MINNEAPOLIS — There was nothing at stake in the Ladder Match between Roman Reigns and King Corbin except pride. No titles hanging above the ring, no contract, no can of dog food dangling from the rafters. The only thing suspended during the match was the question of whether Reigns could answer the abject disrespect he’d suffered at the hands of the King of the Ring over the past few weeks. And at the end of the day, the answer was … no.

The King proved victorious in the highly-touted TLC Match, once again employing his usual cast of thugs, bagmen and acolytes to thwart The Big Dog and seize the victory. The first one out of the gate was Dolph Ziggler, who had apparently been hiding under the ring. The Showoff jumped up to drop Reigns with a superkick as The Big Dog to Spear Corbin into the timekeeper’s area. Reigns fought back, even dropping Corbin’s retinue with a Kendo stick. The Revival — somehow still ambulatory after their Ladder Match just hours earlier — quickly rushed the ring and stacked the odds one row too high for Reigns to overcome.

While The Big Dog briefly struck back by dropping Corbin’s entire court with a dive over the ropes, The Showoff fastballed a chair into his face before he could unleash a Spear, leading to a Zig Zag and Shatter Machine one-two that left Reigns helpless against Corbin’s final stroke: An End of Days straight to a steel chair that earned him the victory.

In one sense, this is tremendously surprising. It often feels like you can count Roman Reigns’ big-match losses on one hand with fingers left to spare. But Corbin has been a major player all year; the noise against him is often so loud that it’s easy to forget he retired Kurt Angle and won King of the Ring. Beating Reigns wasn’t exactly pre-ordained, but it was certainly not as out of the question as some may have suspected. And, at the end of the day, Reigns is only one man. What’s one man to a king and his court?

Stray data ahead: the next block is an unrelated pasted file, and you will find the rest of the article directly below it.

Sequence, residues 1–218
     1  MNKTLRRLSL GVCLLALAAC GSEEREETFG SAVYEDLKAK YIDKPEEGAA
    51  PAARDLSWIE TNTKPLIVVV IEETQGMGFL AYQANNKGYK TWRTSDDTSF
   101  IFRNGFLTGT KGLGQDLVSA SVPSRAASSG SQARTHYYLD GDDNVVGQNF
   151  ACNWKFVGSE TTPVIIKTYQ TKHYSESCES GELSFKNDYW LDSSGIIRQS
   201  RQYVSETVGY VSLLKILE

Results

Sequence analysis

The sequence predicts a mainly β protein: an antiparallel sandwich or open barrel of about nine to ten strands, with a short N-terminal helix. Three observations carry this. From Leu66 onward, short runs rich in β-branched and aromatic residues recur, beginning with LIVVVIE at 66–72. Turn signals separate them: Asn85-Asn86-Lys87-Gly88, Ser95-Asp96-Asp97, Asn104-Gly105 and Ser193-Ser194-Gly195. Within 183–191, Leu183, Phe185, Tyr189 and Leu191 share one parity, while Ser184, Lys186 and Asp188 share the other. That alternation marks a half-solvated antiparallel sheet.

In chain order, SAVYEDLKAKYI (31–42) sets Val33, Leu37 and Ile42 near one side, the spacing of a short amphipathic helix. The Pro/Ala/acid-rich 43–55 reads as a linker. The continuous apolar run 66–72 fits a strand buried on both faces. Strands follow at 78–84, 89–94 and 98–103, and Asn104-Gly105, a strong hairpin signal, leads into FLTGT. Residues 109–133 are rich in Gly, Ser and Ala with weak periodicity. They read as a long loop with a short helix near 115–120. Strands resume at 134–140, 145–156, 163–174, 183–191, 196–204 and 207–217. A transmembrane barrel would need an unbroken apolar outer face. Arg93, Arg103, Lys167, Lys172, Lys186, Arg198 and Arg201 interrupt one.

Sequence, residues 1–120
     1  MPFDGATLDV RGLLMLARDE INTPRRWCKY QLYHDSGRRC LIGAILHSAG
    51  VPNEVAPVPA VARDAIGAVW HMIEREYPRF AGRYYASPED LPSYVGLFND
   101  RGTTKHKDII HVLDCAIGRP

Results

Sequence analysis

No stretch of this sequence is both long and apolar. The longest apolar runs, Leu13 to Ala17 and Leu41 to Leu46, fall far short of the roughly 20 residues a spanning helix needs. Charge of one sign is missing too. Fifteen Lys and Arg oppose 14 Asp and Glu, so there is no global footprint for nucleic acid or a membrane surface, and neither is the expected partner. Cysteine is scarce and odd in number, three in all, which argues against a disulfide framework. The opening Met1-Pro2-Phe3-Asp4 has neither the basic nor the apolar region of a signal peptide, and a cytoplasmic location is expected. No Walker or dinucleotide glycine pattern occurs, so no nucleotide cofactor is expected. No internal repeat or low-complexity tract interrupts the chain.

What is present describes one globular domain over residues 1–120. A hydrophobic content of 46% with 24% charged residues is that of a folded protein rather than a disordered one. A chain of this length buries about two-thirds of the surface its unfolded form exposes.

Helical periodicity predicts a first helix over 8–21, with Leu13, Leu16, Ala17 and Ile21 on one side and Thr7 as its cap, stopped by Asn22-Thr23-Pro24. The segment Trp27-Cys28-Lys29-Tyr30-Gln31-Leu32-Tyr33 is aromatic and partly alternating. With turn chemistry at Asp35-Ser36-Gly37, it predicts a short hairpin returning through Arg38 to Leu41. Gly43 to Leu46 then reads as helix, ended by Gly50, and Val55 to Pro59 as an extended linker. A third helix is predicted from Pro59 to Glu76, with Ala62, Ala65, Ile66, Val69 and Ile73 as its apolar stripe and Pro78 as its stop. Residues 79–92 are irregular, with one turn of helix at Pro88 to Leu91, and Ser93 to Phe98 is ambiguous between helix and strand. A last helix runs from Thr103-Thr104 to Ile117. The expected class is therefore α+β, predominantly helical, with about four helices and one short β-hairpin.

MINNEAPOLIS — There was nothing at stake in the Ladder Match between Roman Reigns and King Corbin except pride. No titles hanging above the ring, no contract, no can of dog food dangling from the rafters. The only thing suspended during the match was the question of whether Reigns could answer the abject disrespect he’d suffered at the hands of the King of the Ring over the past few weeks. And at the end of the day, the answer was … no.

The King proved victorious in the highly-touted TLC Match, once again employing his usual cast of thugs, bagmen and acolytes to thwart The Big Dog and seize the victory. The first one out of the gate was Dolph Ziggler, who had apparently been hiding under the ring. The Showoff jumped up to drop Reigns with a superkick as The Big Dog to Spear Corbin into the timekeeper’s area. Reigns fought back, even dropping Corbin’s retinue with a Kendo stick. The Revival — somehow still ambulatory after their Ladder Match just hours earlier — quickly rushed the ring and stacked the odds one row too high for Reigns to overcome.

While The Big Dog briefly struck back by dropping Corbin’s entire court with a dive over the ropes, The Showoff fastballed a chair into his face before he could unleash a Spear, leading to a Zig Zag and Shatter Machine one-two that left Reigns helpless against Corbin’s final stroke: An End of Days straight to a steel chair that earned him the victory.

In one sense, this is tremendously surprising. It often feels like you can count Roman Reigns’ big-match losses on one hand with fingers left to spare. But Corbin has been a major player all year; the noise against him is often so loud that it’s easy to forget he retired Kurt Angle and won King of the Ring. Beating Reigns wasn’t exactly pre-ordained, but it was certainly not as out of the question as some may have suspected. And, at the end of the day, Reigns is only one man. What’s one man to a king and his court?